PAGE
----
15. Why can it be said that Peter was truly loyal?
15 Peter had another fine quality—he was loyal. When many of the disciples left off following Jesus because they did not understand one of his teachings, it was Peter who spoke up in behalf of the 12 apostles and said: “Lord, whom shall we go away to? You have sayings of everlasting life.” (John 6:66-68) How those words must have warmed Jesus’ heart! Later, when a mob came to arrest the Master, most of his apostles fled. However, Peter followed the crowd at a distance and entered right into the courtyard of the high priest. Courage, not cowardice, took him there. While Jesus was interrogated, Peter joined a group of Jews who were warming themselves by the bright fire. One of the slaves of the high priest recognized him and accused him of having been with Jesus. Yes, Peter denied his Master, but let us not forget that it was loyalty and concern for Jesus that put Peter in that dangerous situation, one that most of the apostles did not dare face.—John 18:15-27.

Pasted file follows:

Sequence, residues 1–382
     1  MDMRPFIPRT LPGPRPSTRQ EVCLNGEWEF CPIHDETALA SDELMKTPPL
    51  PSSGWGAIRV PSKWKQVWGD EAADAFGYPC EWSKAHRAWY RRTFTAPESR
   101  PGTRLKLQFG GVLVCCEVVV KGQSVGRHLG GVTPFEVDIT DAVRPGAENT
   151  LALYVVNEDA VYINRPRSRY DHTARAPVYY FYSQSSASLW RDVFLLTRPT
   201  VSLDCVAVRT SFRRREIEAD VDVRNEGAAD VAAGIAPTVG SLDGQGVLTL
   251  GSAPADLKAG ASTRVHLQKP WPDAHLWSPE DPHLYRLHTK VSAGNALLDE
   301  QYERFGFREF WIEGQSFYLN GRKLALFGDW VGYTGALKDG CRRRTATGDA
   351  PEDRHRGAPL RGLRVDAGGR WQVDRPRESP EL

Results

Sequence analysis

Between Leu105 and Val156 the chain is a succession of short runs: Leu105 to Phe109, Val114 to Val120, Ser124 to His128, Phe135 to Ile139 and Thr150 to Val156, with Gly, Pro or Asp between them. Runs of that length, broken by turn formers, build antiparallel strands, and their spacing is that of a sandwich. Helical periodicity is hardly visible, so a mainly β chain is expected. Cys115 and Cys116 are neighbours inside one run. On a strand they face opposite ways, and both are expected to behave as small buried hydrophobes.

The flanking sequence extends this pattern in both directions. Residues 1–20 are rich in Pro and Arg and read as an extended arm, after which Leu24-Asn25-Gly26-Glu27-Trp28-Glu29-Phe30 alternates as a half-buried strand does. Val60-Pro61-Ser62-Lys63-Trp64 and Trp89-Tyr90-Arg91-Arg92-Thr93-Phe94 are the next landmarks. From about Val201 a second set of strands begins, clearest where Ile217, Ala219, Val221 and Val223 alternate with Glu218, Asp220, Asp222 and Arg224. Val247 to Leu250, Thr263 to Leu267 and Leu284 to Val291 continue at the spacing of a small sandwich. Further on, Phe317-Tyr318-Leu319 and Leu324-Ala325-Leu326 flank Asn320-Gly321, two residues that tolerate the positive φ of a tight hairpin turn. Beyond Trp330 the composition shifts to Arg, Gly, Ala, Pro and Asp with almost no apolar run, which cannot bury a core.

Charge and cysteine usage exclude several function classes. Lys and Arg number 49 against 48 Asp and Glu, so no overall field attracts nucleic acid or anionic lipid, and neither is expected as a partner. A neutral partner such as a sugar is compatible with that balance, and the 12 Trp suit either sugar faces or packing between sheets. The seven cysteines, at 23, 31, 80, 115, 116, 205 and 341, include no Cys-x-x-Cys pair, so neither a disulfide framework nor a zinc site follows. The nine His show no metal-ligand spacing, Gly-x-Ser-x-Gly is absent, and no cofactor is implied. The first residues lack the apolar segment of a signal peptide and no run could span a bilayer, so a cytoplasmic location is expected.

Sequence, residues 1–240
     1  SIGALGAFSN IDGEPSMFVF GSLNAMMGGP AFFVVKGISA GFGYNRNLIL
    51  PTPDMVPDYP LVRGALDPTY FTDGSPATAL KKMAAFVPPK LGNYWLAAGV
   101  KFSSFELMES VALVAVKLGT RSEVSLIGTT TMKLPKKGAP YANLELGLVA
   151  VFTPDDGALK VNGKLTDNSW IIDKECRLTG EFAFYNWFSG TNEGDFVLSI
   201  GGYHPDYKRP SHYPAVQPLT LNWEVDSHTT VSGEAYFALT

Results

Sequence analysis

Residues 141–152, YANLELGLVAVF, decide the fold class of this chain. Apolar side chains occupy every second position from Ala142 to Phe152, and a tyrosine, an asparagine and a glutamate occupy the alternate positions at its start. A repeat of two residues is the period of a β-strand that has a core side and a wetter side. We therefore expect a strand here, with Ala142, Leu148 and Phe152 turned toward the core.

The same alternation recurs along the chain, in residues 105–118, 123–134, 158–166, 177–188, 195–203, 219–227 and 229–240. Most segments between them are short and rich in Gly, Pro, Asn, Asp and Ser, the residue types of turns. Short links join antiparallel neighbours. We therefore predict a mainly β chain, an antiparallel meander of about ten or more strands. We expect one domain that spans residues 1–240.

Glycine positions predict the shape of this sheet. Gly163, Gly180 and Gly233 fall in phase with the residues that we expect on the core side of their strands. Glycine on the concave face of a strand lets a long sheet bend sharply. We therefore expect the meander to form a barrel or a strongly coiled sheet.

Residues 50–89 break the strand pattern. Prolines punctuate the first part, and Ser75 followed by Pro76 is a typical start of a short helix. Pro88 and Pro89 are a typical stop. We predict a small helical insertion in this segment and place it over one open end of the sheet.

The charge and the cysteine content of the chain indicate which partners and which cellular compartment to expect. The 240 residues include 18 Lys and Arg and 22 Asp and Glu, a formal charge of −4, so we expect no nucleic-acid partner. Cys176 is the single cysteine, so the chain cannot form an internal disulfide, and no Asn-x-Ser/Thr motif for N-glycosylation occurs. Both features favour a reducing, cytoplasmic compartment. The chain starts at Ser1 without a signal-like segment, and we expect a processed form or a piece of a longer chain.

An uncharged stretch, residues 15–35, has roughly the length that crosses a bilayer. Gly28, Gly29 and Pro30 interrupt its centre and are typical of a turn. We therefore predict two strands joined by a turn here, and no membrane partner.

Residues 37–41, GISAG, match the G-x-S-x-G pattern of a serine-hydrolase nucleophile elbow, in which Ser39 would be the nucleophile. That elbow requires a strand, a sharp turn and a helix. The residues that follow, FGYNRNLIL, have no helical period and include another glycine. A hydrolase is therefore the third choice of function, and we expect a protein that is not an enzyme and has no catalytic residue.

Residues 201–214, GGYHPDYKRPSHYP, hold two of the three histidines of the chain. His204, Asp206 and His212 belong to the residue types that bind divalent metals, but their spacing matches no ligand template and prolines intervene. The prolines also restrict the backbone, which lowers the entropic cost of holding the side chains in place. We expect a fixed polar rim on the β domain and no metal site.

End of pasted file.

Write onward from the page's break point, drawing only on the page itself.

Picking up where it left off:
16. For what practical reason have we considered the positive qualities of Jonah and Peter?
16 Peter’s positive qualities far outweighed his shortcomings. The same is true of Jonah. Just as we have taken a more positive view of Jonah and Peter than we normally might, we must similarly train ourselves to be more positive in our assessment of our present-day spiritual brothers and sisters. Doing so will lead to better relations with them. Why is there a real need for this?
Applying the Lesson Today